The guard came in with the last meal and looked at him like he was a mystery. After he was gone and the door was shut he bowed his head and said a quick prayer before eating the single black plum.
The time was short. He did a quick calculation and counted the minutes, and then almost laughed at the ridiculousness of what was left. Shall I play solitaire…or maybe read, I still have 2 hours? He tried not to think of anyone he loved, or any of the moments that only he would remember. Moments that would pass from his consciousness and be lost forever because of their insignificance to anyone but him. People remember big events, births, deaths, events…falling in love, they don’t remember the insignificant things, but he did. Sharing a hot fudge sundae with his mother when he was a preschooler, she was young, willowy, all of life before her. A mountain road in the late fall, the sun setting in the rear view mirror, a big load of firewood in the back of the truck, the smell of gasoline and fresh pine.
When they came in to get him he was reading his Bible. Psalm 118:5 Out of my distress I called on the Lord; the Lord answered and set me free. They were reverent, quiet, like they were in church, as they went about their jobs. They shackled him hand and foot and led him out. He was not afraid. The entire row was silent, there were no goodbyes, no salutations. There was a man on each arm and a couple were behind him. He could hear their breath, smell their deodorant, sense their apprehension. The clinking of the shackles seemed extra loud in the spit polished hallway and he remembered watching television with his grandma. They sat on the couch under an orange afghan as the ghost of Marley made his chain rattling appearance in, A Christmas Carol. They turned a corner and at the end of the hallway was a brightly lit room. That was his destination. He kept waiting for butterflies, or a wave of panic…or anything. They paused at the door and somebody said something, but he was somewhere else. Looking at an angle through the room he could make out family members on the other side of the thick glass viewing window. They were much older now than they were at the trial.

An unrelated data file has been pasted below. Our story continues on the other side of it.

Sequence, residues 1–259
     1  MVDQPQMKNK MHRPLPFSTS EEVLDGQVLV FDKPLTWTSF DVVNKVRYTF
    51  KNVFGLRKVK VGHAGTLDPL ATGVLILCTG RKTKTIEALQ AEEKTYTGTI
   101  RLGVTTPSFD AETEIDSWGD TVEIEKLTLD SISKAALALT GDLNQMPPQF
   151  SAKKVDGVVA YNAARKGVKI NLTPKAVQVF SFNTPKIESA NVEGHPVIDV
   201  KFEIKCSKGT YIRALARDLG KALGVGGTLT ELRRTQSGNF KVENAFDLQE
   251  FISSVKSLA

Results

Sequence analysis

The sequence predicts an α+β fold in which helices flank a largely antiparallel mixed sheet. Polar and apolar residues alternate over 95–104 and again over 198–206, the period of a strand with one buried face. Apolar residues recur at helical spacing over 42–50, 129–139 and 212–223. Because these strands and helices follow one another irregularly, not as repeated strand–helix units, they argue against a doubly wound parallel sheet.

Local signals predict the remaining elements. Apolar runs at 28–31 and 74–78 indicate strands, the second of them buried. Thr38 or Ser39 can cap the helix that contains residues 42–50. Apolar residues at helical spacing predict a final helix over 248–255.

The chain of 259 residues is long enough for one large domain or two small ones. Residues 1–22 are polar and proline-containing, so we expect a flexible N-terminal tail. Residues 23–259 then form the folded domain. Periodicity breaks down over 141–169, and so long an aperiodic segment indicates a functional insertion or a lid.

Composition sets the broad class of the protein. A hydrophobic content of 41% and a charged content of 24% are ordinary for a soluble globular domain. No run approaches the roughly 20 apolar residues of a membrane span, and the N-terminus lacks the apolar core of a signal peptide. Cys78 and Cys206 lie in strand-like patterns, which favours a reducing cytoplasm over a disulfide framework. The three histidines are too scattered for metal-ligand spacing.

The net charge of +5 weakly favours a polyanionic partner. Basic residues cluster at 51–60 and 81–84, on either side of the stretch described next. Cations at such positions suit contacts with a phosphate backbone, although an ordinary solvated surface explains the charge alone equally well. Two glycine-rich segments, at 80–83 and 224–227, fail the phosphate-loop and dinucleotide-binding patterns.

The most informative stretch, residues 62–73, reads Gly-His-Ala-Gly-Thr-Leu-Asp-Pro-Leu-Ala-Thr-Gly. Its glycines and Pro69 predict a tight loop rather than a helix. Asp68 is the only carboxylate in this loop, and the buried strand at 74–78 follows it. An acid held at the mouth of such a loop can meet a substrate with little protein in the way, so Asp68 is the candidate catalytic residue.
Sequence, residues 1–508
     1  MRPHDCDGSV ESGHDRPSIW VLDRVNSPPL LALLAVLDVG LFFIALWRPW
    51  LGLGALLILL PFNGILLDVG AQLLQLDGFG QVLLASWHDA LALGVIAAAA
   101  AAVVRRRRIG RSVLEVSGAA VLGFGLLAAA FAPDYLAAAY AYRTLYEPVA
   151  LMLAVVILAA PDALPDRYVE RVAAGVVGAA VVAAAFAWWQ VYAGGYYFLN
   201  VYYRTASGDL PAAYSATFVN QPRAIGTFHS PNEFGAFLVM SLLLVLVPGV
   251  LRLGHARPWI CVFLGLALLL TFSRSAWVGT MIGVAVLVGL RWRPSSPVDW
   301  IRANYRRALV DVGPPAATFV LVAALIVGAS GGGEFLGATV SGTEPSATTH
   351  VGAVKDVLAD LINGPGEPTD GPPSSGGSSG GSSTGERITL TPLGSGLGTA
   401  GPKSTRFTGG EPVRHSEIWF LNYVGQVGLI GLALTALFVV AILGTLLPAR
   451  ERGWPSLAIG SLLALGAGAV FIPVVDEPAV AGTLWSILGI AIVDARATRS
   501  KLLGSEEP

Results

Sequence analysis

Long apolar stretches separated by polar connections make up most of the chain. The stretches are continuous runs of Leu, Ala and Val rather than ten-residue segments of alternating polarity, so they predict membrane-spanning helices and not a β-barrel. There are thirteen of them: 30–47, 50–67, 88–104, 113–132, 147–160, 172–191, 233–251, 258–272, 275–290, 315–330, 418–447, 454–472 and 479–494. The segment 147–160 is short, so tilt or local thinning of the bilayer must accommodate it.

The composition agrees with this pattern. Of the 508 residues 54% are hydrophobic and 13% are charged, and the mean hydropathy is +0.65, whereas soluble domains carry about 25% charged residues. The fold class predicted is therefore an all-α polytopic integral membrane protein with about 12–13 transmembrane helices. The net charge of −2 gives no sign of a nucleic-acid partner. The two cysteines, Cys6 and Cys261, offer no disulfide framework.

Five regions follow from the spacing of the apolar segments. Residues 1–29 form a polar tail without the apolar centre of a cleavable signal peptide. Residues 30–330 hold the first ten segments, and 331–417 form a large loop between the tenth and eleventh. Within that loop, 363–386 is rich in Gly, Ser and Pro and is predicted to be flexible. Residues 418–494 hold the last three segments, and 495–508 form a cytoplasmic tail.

He laid back, arms spread wide. As they strapped him in he remembered falling backward into a municipal pool one yellow summer afternoon when he was young in that same exact pose. They ate watermelon and drank orange soda that day.
For the longest time they didn’t look at him. When they finally did, he couldn’t decipher the emotions on their faces. He couldn’t tell if they were happy, angry, bitter, or if they were finally getting the justice they’d been after for so long. He closed his eyes and blotted out the hushed mumblings of the room and he thought about justice, fairness. He thought about the victim, he thought about the family staring through the window at him. Maybe fairness and justice had nothing to do with him, and everything to do with them. Maybe that was what this was all about. Maybe his role was to give the family closure even though he was innocent. Maybe he was the perfect surrogate for the real predator…maybe his own death would be enough to heal them and the real predator’s death wouldn’t have been.
He felt the cold swab of cotton wipe the crook of his elbow, thank God they’re being sanitary, and a few seconds later the piercing of the needle and a piece of tape over it to hold it in place, at least it won’t hurt to have it ripped loose… And then a rush of cold in his arm, like someone had plunged it into ice water. He thought of the riverbank that dark night, he pictured it from above.He watched the bats swerving wildly in the moonlight, of Orion’s belt, dim and far away. He watched himself sitting on the riverbank marveling at that simple but massively intricate little universe, the moon beams dancing on the surface of the river, and then he looked up to the heavens and faded like steam into the night.